Training Your Workforce for Improved Competence: Most Important Factors




All companies want employees who are highly competent and excel at what they do. But competence, though impressive, can be a vague term in the absence of clear expectations and set parameters to assess it.

A lot goes into creating and sustaining a competent workforce. To that extent, the suggestions presented here are aimed at both the trainers and those involved in the management of a company.

Good and sustainable results can only be achieved when these two work in tandem with each other.

Start With Clear and Manageable Goals

"I want my employees to become more competent," declares the owner of a small-cap company who wants you to train his staff to achieve excellence.

He has the resources and now he wants to implement them in improving his human capital. Well, that’s great. But competence needs to be defined. Which aspects does the manager want his employees to improve their competence?

While we all know a competent person when we see one, putting our finger on what exactly makes an employee competent is not easy. There is no single thing you can point to. Competence is a coming together of various things. It could refer to any or all of the following:

  • a very good understanding of one’s work
  • a great attention to detail
  • innovative thinking
  • professionalism
  • a desire to improve
  • a hunger for knowledge

All of the above can and should be further broken down into attributes that are easier to understand for the trainer. Clearly defined parameters are a good place to start and also give your training a watertight focus for best results.

Furthermore, it ensures that you understand exactly what the employer wants of you, and therefore you're able to deliver tangible results.

Set up Ongoing Support to Sustain the Changes

Creating the required change is not enough, however. It needs to be made permanent by reinforcing the correct behavior.

This is a bit like trying to lose weight. You get into a very strict regimen of working out regularly and eating the right foods in the right amounts diligently.

Soon you notice a change in your body composition and you're happy with your results. But at the same time if you want to continue being in shape and health, you'll have to make sure that you set up your lifestyle to support these goals and sustain these changes. Otherwise, you'll find all your hard work undone.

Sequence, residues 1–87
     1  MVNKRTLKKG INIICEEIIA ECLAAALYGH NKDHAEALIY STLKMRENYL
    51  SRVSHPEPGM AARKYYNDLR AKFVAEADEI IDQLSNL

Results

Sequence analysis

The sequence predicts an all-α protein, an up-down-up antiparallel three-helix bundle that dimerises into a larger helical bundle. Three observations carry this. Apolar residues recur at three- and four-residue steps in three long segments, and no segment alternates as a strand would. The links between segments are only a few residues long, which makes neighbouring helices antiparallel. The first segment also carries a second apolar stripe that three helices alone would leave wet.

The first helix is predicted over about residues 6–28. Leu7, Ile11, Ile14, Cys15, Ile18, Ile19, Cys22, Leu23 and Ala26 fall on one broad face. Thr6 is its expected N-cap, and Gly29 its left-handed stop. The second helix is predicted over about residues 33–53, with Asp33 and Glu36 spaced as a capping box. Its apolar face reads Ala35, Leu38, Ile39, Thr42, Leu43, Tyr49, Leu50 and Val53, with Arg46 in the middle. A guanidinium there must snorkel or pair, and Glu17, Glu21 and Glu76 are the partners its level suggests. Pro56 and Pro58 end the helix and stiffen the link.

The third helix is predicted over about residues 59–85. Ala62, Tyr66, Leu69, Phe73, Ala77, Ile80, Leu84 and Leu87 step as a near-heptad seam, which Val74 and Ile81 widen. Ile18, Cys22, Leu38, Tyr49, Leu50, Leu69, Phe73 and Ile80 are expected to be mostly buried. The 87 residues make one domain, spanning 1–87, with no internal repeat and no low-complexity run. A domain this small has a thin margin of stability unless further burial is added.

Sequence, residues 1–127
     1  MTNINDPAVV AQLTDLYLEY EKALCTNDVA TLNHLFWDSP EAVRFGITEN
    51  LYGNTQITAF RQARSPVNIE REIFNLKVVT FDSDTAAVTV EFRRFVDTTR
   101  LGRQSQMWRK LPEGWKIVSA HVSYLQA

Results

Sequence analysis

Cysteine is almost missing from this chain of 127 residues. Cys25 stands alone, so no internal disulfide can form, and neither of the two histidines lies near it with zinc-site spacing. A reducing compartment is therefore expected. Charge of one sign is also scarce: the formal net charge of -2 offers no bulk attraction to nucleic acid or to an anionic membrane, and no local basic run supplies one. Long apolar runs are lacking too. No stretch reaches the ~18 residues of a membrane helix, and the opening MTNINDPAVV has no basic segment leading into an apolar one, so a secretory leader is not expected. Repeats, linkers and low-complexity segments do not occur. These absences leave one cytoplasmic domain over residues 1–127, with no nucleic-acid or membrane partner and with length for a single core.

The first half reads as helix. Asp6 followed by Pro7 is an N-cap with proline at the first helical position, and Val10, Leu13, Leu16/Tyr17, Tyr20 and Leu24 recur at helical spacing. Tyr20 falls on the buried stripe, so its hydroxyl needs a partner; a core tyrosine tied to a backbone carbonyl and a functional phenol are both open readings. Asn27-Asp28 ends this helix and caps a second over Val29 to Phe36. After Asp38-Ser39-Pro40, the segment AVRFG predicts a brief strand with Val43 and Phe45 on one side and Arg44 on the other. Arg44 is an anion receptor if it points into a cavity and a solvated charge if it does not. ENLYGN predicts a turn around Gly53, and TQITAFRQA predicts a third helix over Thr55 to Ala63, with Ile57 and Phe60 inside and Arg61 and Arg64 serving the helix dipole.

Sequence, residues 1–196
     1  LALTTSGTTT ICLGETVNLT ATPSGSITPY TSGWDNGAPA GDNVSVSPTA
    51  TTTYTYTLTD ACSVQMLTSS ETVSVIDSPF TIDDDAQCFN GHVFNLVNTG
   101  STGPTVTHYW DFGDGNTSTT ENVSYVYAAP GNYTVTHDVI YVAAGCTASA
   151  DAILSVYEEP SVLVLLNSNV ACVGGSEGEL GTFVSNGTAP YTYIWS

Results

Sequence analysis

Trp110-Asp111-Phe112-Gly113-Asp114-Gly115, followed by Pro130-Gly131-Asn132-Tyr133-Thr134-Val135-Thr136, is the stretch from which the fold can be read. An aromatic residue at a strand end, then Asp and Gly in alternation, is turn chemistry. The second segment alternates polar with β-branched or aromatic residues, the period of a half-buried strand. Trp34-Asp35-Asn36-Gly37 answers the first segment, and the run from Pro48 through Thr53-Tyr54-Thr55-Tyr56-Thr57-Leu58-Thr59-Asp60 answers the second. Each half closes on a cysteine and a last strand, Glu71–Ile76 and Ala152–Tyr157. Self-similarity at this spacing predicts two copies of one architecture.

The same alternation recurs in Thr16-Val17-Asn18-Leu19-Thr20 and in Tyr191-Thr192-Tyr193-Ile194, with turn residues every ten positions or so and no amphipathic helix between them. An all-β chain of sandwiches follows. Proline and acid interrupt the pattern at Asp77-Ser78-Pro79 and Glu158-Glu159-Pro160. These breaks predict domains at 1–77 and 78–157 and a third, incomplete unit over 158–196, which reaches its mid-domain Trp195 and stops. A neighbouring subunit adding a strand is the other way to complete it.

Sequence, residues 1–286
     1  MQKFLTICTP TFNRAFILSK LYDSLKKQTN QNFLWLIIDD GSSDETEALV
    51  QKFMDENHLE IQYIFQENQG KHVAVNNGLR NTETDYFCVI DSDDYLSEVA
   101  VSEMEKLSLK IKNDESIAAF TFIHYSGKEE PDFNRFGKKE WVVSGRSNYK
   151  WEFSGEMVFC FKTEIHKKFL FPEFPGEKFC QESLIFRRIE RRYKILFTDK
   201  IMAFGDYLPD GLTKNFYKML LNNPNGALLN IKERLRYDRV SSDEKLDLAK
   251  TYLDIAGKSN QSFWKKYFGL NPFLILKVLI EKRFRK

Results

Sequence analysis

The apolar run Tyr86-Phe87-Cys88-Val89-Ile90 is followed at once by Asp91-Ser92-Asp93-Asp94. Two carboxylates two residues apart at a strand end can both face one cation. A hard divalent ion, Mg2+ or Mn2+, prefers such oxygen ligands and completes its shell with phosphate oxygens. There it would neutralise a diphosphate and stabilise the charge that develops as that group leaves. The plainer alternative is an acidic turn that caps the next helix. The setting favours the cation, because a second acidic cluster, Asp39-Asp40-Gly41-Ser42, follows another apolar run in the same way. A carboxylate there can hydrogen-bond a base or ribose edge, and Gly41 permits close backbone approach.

Training employees is similar to that. You may create a great program, which inspires employees to improve their performance and raise their competence levels, but if these changes aren’t accompanied by a support system, they might fizzle away.

As an ambitious L&D manager, you need to convince others in management of the need for this and work towards creating a system that ensures the most important takeaways of your competence training program are reinforced on a regular basis.

Create a Culture Conducive to Competence

Competence is not just a personal characteristic, but rather a culture—a set of habits, approaches and practices that puts you on the path to success.

This culture can be created in a number of ways, some of which include:

  • Emphasis on punctuality
  • Treating deadlines as sacrosanct
  • Clear communication between team members and superiors
  • Transparent policies
  • Regular feedback and constructive criticism on work
  • A push for accountability
  • Effective mentoring

One of the ways this can be accomplished is by introducing mini-incentives and rewards on the achievement of certain goals.

On the flip side, people who consistently falter in their performance need to be made accountable for it. You can't have a competent culture at your workplace if you treat the underperformer and the over-achievers both the same way.

Competence Assessment and Evaluation

Another way of ensuring that employees have actually gained competence is by putting in place parameters to assess this competence in clear terms.

While this may or may not involve the trainers who imparted competence training to the employees, it will be of help if trainers work with these parameters in mind.

These should only be formed by the management in collaboration with the company’s L&D and HR departments, so that all are on the same page regarding the wanted results and how to assess them.


With a background in training and tech, Mark Nevius helps get the word out about Administrate, which makes time-saving management software for training providers. In addition to assisting in marketing, Mark keeps his finger on the pulse of the training industry and helps provide great content to training providers around the world.

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